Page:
Is there an automated way to discover the source of funds that were sent to a specific address?

Theory: The EOS team releases 2m EOS tokens every 23 hours. See https://eos.io/instructions for more details. About 20k ETH gets spend on those tokens every day. Nothing stops the team from buying their own tokens again with the same ETH they had received the previous day to pump the price, create an artificial market cap and to create the illusion that the tokens were distributed while they actually still have a very profitable monopoly over the network given it is a DPoS system.

This is probably not true and I am not implying anything or trying to spread any FUD as the team has a good reputation, but as a technical exercise, I would like to know how one will investigate such an accusation given that all transaction information should be publically available.

4 Answers 4


The EOS team has no incentive on recycling their funds because it would be breaking the constitutional rules they are proposing: https://forums.eosgo.io/discussion/651/article-vi-v0-3-0-draft-eos-io-constitution-10-ownership-cap

Block.one owns 10% of the stake. Buying additional EOS would put them in the crossfire for an arbitration case.


Even if some sort of automated service existed, it's impossible to trace Ether transactions properly, because every Ether 'looks the same', although it is not technically fungible because you could still block a certain account from spending its funds (same as fiat). Why tracing is impossible: If you had 5 ether, you could pay them into a massive exchange account with lots of other people's funds and then withdraw them into a different address. No one can detect whether that's you or someone else withdrawing their ether that they have previously paid in. This of course works for any account that received funds from two or more different addresses. You could of course create a token that's non-fungible and traceable like crypto-kitties, but Ether isn't.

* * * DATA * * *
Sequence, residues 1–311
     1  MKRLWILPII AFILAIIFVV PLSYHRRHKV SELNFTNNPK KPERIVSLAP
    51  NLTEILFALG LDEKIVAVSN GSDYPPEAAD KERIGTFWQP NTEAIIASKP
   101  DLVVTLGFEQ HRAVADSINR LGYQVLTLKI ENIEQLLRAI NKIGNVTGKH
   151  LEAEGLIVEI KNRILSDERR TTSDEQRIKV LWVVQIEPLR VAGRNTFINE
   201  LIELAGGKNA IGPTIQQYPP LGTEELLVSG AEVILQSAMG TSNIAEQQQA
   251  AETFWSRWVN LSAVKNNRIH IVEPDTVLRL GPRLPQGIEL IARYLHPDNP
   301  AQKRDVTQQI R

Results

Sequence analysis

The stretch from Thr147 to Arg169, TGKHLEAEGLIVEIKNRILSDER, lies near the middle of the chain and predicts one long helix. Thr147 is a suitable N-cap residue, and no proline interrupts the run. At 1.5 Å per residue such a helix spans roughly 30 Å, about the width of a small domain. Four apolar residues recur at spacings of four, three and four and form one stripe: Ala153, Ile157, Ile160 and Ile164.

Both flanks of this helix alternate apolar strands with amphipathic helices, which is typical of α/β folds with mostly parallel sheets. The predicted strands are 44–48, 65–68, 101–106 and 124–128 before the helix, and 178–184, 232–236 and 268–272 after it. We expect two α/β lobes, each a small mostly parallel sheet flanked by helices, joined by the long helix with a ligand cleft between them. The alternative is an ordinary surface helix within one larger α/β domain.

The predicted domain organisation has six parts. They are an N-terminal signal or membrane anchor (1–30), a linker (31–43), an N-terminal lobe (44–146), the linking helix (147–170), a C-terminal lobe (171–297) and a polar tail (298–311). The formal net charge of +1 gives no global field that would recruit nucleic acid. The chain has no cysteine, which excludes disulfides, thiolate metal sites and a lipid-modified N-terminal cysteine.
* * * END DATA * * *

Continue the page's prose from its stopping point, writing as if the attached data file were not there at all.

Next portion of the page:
• Agree, but assuming the theory is correct, you should at least see a large amount of the same funds from the "big exchange" returning to the original "EOS token sale". This could be coincidence, like you said, that someone on the exchange brought the ETH who also want to partake in the EOS token sale, but if the pattern repeats every day it would be suspicious. Feb 22, 2018 at 15:50
  • Yeah, I guess if someone put literally no effort into hiding these activities you could see the patterns fairly quickly! You could split the amount into many smaller chunks of course and withdraw into different accounts etc.
    – Theo Port
    Feb 22, 2018 at 16:08

You can sign up on Coinfirm to do chain analysis and get hop tracing and various reports on Ethereum addresses:


You can pay for the service using AMLT token.

Disclaimer: I hold AMLT token.


You can obtain such information with the help of blockchain analysis solutions. Resources used for it range from blockchain explorers to costly B2B tools. There are also hybrid solutions like Cryptohound. The latter works well on tracing money flows from various addresses (BTC/ETH up to date), providing token and trading analytics. It has some nice widgets for blockchain analytics:

  1. Graph Widget for the viewing, expanding and exploring of the transactions and relationships of any searched addresses
  2. Balance Widget summarizes the list and total value of all tokens held over some time
  3. Statement Widget supports the Graph Widget by providing more details related to all incoming and outgoing transactions, with historical balances viewed in the currency of your choice

... and many others. Check available solutions; maybe it would be helpful for your future researches.

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